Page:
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I very much {like, use} the kmacro-*-counter family of commands. However I sometimes find myself needing to generate alphabetic sequences (e.g., A, B, C, ...) instead of integer sequences (e.g., 1, 2, 3 ...). I can sorta see how to do this in 2 passes using query-replace-regexp and something like make-string, but that means 1st generating the integer sequence and then replacing it.

Is there an easier way? Particularly, is there some {command, function, package} that will support a usecase like

  1. M-x foo-set-alpha-counter A
  2. (loop) M-x foo-insert-counter

?

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    I don't use macros, but you may find it helpful to know that Emacs uses numbers for letters such as (char-to-string 65) is the capital letter "A". And, this increments sequentially, e.g., (char-to-string 66) is the capital letter "B". Lowercase letters begin at 97; e.g., (char-to-string 97) is the lowercase letter "a"; and, it continues sequentially; e.g., (char-to-string 98) is the lowercase letter "b". To check the number, you can do the reverse -- (string-to-char "A") returns the number 65. – lawlist Aug 29 '19 at 23:42
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    Coding is according to the ASCII standard. See 'man ascii' – Heikki Aug 30 '19 at 5:26
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You can use the function kmacro-set-format, normally bound to C-x C-k C-f, to change the (printf-style) format used to insert the macro counter. You can set it to %c to treat the value of the macro counter as an ASCII code.

For example to produce a letter sequence like ABCDEF: set the format to %c, start the macro counter at 65 which is the ASCII code for A, then record a macro that inserts the counter and run it 6 times, say:

C-x C-k C-f %c RET C-u 65 <f3> <f3> C-6 <f4>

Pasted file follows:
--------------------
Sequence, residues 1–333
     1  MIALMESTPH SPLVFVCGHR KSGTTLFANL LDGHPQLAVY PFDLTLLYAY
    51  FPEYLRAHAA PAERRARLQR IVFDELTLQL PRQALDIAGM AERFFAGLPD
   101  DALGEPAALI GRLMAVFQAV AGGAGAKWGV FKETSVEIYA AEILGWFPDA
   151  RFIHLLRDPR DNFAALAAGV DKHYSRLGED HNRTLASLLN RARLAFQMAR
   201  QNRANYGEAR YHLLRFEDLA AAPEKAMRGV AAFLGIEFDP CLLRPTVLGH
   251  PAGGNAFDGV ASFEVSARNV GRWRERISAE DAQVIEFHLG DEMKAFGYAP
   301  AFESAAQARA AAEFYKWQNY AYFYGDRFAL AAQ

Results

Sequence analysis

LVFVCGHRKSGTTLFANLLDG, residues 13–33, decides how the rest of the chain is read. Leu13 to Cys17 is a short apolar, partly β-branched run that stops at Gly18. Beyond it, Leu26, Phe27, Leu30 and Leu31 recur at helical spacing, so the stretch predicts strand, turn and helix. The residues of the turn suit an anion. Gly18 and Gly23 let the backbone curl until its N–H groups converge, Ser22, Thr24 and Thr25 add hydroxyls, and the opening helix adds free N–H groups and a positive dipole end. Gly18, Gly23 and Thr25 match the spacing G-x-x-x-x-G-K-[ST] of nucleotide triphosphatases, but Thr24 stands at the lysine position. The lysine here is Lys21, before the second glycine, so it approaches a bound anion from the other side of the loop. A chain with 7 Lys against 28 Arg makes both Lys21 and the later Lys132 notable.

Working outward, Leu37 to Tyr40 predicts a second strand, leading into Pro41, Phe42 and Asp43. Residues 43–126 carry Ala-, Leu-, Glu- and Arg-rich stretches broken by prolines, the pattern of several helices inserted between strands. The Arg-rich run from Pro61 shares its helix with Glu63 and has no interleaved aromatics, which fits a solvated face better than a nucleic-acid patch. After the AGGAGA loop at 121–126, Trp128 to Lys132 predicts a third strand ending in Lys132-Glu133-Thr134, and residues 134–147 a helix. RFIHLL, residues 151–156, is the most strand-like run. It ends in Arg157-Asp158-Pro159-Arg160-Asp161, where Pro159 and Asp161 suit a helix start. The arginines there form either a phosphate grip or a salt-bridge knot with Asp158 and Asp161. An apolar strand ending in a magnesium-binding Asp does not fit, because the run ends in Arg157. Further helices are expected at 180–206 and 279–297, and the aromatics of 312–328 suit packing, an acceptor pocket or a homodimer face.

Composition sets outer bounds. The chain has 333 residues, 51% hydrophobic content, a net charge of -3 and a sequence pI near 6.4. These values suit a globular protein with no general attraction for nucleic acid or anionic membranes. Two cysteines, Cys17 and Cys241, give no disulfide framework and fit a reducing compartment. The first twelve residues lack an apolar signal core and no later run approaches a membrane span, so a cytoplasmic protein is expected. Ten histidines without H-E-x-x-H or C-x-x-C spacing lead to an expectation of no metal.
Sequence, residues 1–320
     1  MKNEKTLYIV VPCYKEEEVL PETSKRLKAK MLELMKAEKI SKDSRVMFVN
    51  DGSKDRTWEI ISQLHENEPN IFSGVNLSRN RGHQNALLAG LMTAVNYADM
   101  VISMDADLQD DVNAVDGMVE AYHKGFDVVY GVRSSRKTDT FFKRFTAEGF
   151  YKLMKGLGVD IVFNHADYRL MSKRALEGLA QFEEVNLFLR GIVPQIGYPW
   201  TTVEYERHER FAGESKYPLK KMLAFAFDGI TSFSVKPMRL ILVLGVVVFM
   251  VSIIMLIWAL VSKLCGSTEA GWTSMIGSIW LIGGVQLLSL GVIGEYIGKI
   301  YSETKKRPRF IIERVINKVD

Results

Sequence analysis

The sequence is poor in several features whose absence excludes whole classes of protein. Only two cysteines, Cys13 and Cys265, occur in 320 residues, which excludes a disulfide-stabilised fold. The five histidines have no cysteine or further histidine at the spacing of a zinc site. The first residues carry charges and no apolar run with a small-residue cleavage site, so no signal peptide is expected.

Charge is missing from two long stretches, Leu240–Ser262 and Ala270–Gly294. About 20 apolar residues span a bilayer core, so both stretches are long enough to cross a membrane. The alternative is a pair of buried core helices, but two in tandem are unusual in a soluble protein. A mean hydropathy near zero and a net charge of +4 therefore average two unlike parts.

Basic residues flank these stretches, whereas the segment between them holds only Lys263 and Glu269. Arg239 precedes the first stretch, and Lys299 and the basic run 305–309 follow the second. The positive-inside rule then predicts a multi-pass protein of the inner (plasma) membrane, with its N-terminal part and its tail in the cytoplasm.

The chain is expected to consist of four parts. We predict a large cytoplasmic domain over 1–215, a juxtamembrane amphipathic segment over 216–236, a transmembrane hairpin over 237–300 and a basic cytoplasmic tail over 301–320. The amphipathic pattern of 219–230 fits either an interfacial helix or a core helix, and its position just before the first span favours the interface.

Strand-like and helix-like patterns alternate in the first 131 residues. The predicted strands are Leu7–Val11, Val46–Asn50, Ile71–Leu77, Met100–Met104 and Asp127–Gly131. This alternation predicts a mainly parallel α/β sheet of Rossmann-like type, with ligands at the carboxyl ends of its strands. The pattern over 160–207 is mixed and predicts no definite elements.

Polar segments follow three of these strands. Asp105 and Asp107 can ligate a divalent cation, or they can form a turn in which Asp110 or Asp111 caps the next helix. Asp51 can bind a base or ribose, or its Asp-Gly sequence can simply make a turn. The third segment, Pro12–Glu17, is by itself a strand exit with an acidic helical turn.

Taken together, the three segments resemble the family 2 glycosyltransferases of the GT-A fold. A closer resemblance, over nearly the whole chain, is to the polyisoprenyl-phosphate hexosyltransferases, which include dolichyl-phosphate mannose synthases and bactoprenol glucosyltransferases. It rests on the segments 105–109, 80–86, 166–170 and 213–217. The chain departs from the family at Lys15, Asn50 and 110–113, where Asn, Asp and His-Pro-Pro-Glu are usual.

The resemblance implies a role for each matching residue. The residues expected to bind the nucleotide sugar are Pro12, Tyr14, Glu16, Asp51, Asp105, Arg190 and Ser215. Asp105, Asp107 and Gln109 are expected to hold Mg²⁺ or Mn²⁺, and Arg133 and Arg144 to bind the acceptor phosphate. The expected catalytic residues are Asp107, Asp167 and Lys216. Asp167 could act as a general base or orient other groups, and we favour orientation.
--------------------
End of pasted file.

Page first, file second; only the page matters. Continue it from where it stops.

As a neat extra touch, if you change the format inside the keyboard macro, the change only affects that particular macro. So, after running the above, the format will still be %c for the next keyboard macro, but if instead you do:

C-u 65 <f3> C-x C-k C-f %c RET <f3> C-6 <f4>

then the %c is local to that macro.

%d to go back to numbers.

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    Thanks! Works great, plus this validates my otherwise-bizarre notion that my laminated ASCII-code card from 1982 would eventually prove handy :-) – TomRoche Sep 1 '19 at 17:02
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    @TomRoche :) If you ever loose that laminated card and you use GNU/Linux, you can run man ascii to see a nice chart (M-x man or M-x woman from within Emacs). – Omar Sep 1 '19 at 17:57
  • @Omar Awesome tip. Is there any way to be able to just insert the char and have emacs convert it? – young_souvlaki Sep 18 at 22:48
  • Not as part of that key sequence; but you can certainly ask Emacs what the number is beforehand, by evaluating the read syntax for a character. E.g. M-: ?A tells you 65 (or vice versa, evaluating 65 tells you ?A). – phils Sep 23 at 0:42
  • If it helps, in elisp code you would use the read-char function to ask the user to type a character, and obtain that value. – phils Sep 23 at 0:47

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